Oxidant-mediated epithelial cell injury in idiopathic pulmonary fibrosis.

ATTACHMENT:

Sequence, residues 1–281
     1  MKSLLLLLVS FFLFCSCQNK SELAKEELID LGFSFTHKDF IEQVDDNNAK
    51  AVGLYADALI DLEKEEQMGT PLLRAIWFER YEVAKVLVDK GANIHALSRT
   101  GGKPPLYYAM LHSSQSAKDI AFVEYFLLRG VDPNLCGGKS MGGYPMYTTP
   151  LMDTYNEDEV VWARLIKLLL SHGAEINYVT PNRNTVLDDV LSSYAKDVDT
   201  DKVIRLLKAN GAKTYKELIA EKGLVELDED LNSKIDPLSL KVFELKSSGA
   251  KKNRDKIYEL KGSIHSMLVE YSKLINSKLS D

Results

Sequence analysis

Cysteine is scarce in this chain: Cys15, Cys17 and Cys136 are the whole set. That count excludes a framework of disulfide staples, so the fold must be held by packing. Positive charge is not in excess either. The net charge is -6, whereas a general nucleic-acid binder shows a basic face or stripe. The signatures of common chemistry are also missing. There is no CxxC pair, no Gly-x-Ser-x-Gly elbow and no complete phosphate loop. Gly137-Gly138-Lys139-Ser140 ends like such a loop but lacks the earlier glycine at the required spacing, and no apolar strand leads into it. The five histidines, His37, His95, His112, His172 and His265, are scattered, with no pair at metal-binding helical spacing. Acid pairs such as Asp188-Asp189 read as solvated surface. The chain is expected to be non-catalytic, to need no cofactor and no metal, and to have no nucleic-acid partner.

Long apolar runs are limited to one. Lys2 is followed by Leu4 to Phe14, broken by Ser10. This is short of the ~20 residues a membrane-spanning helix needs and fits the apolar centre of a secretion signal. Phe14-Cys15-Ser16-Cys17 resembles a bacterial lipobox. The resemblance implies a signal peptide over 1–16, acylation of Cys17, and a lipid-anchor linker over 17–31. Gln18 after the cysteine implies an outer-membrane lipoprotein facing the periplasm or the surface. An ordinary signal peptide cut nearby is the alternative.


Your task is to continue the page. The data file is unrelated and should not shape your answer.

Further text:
Lung inflammatory cells of patients with idiopathic pulmonary fibrosis (IPF) were evaluated for their ability to injure 51Cr-labeled AKD alveolar epithelial cells in the presence and absence of IPF alveolar epithelial lining fluid (ELF). The IPF cells were spontaneously releasing exaggerated amounts of superoxide (O.2) and hydrogen peroxide (H2O2) compared with normal (P less than 0.02). Cytotoxicity of the AKD cells was markedly increased when the IPF inflammatory cells were incubated with autologous ELF (P less than 0.02). The majority of IPF patients had ELF myeloperoxidase levels above normal (P less than 0.002). Incubation of IPF ELF with AKD cells in the presence of H2O2 caused increased cellular injury (P less than 0.01 compared with control), which was suppressed by methionine, a myeloperoxidase system scavenger. IPF patients with high concentrations of ELF myeloperoxidase deteriorated more rapidly than those with low ELF myeloperoxidase (P less than 0.05). Thus, IPF is characterized by an increased spontaneous production of oxidants by lung inflammatory cells, the presence of high concentrations of myeloperoxidase in the ELF of the lower respiratory tract, and a synergistic cytotoxic effect of alveolar inflammatory cells and ELF on lung epithelial cells, suggesting oxidants may play a role in causing the epithelial cell injury of this disorder.